Stealing money from a neighbour doesn't pay

Hertfordshire Mercury, 30th March 1918

Transcript

Frederick Charles Phillips (16), of 31 Kibes Lane, Ware, was charged with stealing money belonging to Matilda Storey, on 19th March.

The complainant, who lives at 27 Kibes Lane, said that she had left her house to go and see the defendant’s mother, who lived 4 doors off.  There was a cash box on the table against the window containing 20 farthings, 3 shillings, and a number of new pennies.  She also had a 10 shilling note and three 2 shilling pieces in a cloth bag.  When she returned, the money was missing from the bag, together with 3 shillings, some pennies, and 16 farthings from the box which had been forced open.

Ethel Cockman, of 23 Kibes Lane, said that on the date in question, she had gone to Mrs Storey’s House with a basket, and the defendant answered the door and took the basket.

Police Constable Harwood said that, on 21st March, when he saw the defendant and charged him with the theft, he had denied it for some considerable time, but eventually admitted it and made a statement which the witness then read, to the effect that he had forced the box open with a gimlet.  He spent the money but could not remember where he had spent it.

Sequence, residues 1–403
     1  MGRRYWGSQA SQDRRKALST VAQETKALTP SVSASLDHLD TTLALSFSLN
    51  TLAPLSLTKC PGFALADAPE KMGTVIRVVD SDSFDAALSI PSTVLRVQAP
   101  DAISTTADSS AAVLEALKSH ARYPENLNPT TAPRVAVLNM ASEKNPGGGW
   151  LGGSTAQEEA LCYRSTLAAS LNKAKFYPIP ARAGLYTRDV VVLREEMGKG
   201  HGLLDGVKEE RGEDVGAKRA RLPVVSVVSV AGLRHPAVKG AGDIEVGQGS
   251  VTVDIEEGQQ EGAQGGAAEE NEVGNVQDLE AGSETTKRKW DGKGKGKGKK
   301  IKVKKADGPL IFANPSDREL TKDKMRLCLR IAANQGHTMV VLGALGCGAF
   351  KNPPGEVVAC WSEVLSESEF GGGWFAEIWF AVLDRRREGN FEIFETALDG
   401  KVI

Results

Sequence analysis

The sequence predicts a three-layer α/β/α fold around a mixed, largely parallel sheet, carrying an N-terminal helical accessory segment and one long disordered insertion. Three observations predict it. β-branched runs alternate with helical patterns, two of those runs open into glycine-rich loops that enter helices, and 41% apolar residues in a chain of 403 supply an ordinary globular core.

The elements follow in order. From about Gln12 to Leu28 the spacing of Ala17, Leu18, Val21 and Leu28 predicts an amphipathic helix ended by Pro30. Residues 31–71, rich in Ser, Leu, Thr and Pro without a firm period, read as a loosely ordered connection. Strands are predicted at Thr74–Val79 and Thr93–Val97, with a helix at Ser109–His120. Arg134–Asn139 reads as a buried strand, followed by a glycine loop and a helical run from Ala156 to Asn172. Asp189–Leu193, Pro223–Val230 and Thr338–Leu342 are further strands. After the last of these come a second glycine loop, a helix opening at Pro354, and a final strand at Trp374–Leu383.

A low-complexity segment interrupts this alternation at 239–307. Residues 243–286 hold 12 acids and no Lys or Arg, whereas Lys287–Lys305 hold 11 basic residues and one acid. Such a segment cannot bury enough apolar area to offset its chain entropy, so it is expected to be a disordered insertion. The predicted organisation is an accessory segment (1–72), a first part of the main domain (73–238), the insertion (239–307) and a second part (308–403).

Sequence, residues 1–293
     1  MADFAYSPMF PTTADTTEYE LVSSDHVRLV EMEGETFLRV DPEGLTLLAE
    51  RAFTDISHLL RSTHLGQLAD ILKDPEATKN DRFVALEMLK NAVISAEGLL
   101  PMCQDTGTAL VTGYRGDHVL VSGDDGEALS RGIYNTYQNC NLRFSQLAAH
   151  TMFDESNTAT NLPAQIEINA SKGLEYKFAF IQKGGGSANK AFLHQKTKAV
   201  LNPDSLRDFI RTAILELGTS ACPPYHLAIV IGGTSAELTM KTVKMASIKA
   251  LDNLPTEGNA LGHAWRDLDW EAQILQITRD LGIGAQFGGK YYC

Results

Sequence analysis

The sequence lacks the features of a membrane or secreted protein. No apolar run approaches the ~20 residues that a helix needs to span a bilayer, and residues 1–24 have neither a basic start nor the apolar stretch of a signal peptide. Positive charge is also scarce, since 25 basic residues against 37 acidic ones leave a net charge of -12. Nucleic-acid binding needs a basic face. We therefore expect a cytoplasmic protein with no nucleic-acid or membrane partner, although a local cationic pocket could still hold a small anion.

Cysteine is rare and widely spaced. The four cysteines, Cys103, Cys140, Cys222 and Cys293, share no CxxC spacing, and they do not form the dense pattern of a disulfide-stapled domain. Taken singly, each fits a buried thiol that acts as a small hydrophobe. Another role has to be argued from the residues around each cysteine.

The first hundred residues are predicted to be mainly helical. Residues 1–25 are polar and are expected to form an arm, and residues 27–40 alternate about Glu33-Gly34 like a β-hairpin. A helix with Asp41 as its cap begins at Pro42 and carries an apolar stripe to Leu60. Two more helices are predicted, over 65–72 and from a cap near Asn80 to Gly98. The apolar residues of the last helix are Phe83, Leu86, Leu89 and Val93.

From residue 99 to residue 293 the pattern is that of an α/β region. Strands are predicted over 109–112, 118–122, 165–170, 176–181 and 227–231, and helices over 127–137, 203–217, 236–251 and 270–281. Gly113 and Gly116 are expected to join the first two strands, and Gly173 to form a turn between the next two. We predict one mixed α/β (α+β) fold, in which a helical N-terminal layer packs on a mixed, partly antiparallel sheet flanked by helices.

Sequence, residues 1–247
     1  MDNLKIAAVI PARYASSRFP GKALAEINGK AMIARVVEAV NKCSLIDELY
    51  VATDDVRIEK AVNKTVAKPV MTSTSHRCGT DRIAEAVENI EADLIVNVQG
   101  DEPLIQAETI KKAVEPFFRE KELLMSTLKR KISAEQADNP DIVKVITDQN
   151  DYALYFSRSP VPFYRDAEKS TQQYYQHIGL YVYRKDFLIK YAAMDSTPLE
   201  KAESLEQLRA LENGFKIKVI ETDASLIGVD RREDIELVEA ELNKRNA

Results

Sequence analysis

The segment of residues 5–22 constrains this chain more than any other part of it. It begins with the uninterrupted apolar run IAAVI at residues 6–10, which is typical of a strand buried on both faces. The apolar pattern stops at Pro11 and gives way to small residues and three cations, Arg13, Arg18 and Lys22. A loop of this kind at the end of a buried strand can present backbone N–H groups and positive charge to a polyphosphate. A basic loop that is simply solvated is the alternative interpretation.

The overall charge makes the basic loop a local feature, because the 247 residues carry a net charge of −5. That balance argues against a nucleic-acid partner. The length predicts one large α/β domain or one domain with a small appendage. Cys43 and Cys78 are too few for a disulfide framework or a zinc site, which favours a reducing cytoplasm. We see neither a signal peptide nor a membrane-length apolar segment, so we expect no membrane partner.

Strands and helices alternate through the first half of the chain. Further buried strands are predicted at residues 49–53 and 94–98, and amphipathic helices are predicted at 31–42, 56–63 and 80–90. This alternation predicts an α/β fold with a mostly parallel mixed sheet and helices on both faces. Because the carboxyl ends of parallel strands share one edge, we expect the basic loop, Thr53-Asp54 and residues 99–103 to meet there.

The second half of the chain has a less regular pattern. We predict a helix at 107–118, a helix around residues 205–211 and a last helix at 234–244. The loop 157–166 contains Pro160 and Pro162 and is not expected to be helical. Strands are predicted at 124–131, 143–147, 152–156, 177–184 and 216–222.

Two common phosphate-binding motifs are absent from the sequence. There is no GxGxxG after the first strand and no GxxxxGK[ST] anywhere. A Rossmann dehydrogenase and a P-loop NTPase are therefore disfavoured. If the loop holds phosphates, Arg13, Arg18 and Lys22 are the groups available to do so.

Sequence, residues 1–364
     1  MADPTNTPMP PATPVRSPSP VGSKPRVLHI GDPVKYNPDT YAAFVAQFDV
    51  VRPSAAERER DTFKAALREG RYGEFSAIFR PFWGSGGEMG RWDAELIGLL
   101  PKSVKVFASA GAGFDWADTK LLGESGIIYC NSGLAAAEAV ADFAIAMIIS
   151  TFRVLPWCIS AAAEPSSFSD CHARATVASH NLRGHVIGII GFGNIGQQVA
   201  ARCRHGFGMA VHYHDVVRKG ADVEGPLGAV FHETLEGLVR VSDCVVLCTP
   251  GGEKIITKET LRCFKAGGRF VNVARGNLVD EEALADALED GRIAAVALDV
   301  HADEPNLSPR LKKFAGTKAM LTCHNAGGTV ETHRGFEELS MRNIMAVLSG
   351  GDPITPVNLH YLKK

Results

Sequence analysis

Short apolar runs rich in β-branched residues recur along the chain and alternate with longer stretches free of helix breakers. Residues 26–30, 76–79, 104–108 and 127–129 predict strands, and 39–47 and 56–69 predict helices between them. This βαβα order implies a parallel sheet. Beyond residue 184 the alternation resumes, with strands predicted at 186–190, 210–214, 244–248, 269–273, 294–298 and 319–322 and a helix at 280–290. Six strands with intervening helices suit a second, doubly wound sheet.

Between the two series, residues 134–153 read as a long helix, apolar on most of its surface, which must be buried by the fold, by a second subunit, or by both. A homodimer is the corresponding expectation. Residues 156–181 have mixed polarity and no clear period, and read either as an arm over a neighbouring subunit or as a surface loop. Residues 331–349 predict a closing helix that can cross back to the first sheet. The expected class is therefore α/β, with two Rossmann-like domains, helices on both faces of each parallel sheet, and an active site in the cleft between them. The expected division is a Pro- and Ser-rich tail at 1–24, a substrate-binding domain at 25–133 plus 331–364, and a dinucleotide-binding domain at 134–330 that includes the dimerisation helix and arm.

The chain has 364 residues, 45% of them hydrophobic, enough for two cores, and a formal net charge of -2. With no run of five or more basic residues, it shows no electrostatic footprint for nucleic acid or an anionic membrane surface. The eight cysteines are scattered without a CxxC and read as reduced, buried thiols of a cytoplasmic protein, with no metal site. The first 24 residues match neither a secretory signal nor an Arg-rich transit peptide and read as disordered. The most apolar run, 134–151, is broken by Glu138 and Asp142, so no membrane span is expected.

The defendant was then charged and elected to be dealt with summarily, and pleaded not guilty.

Edith Phillips, sister of the defendant, made a long, rambling, statement, and the defendant then went into the box and denied on oath that he had had the money.

The Chairman said that it was a grievous thing to find a boy of 16 doing this kind of thing.  He would be fined £2 8s or, in default, 25 days imprisonment.

The defendant, as he was leaving the Court, said “I am going to make her sit up for this”.  The Bench fetched the defendant back into the Court and he was given a very severe warning, and was told what the consequences would be if he used threats.

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